June 14, 2006

"It was Nan Rehnquist's death, then, that in effect changed Supreme Court -- and American -- history."

Writes Noel Augustyn, who was Rehnquist's administrative assistant in the late 1980s. The quote appears at the end of an article by Tony Mauro that surveys various recent writings assessing the work of the late Chief Justice.


Goesh said...

Hail to the Old CJ! It makes sense to me, the partner and mate for so many years suddenly is gone, along with the plans for travel and leisure, so he kept on working instead. Many men seem uncomfortable in retirement, restless. It was a good excuse to stay on the job.

Simon said...

I eagerly await the inevitable publication of a Rehnquist biography titled "The Chief", and hope for a respectfull and decent survey of his jurisprudence, a la the recent Rossum book on Justice Scalia.

Simon said...

Re the article, I think Doug Kmiec has it about right. It is pointless to carp about what Rehnquist could have or should have done; he did the best that could be done with the Court that he had. It is like complaining that Scalia has not done more to stop the use of legislative history - at a certain point, the powers of pursuasion run out, and it becomes a question of the brute-force of new appointments. We didn't send Scalia and Rehnquist reinforcements; ergo, there was only so much they can do.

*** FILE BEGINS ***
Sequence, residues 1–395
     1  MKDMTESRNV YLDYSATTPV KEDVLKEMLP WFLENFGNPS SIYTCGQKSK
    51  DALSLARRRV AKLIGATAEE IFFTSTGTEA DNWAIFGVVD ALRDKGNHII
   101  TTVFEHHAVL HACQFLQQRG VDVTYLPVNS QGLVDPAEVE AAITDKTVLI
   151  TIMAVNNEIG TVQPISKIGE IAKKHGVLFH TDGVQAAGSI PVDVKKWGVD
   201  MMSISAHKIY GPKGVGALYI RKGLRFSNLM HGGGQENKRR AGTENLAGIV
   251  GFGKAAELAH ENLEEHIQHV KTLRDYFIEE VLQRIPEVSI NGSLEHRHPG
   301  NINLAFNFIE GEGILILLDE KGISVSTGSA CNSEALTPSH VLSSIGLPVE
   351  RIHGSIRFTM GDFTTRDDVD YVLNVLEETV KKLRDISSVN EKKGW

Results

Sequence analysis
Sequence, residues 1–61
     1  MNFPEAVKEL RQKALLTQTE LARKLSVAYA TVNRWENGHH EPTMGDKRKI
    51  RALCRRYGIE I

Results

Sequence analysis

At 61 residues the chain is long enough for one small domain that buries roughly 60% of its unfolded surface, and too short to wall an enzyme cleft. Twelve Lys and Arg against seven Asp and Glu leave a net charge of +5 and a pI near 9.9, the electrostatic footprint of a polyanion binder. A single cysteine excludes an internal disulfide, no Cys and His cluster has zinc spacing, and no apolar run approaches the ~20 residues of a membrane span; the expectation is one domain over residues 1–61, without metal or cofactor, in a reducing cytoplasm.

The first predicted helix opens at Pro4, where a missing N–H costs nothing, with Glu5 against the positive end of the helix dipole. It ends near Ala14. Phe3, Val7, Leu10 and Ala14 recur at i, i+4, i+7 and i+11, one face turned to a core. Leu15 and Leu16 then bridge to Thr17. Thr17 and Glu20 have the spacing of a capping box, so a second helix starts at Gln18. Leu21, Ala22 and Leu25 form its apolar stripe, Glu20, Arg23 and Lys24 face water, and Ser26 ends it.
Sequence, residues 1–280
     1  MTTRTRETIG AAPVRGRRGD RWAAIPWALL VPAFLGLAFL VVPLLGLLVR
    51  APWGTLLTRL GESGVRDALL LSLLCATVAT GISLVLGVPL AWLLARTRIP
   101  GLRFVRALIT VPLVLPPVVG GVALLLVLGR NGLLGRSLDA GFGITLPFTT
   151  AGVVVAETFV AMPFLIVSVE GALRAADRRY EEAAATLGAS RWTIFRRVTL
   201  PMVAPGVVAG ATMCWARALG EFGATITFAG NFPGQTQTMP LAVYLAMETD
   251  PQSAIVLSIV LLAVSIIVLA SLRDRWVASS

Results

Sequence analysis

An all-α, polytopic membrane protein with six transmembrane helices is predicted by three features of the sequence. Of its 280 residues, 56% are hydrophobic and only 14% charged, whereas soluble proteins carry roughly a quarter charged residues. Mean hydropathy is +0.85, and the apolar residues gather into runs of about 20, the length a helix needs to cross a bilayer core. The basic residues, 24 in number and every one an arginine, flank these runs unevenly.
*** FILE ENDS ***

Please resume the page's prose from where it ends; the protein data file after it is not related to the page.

If "conservatives [feel] he did not travel far enough on the right one, allowing major doctrinal shifts on federalism, property rights, and other areas to fizzle or fade," perhaps they should take a good, long look in the mirror, and ask themselves if they did everything they could do to stop Perot in 1992, and thus, to prevent the nomination of two justices by Clinton, one of whom epitomizes "split the difference" jurisprudence. Rehnquist did not have a court full of Scalias, a court full of Rehnquists; he did not even have a court full of Kennedys. You need five votes to accomplish anything; Rehnquist's detractors seem to be suffering from a temporary failure to remember the very practical limitation of depending on O'Connor and Kennedy to get more-or-less anything done. I thus concur with Earl Maltz: "Rehnquist didn't get everything he wanted, but he did not have the votes." The defeat of Bob Bork, and the failure to re-elect George H.W. Bush are what went wrong, and neither of these things were within Rehnquist's power to change.

I am apparently quite a softie. I think the story about wanting to reture and then the death of his wife just when that became possible is heartbreaking. I'm glad he stayed on, but I think the reason he did is very sad.

OhioAnne said...

Don't mean to go off topic but you should take a look at the sidebar in that link. Lanny Davis discusses Enron and crisis management and what could have been differently.

It was so interesting, I never made it to the original link.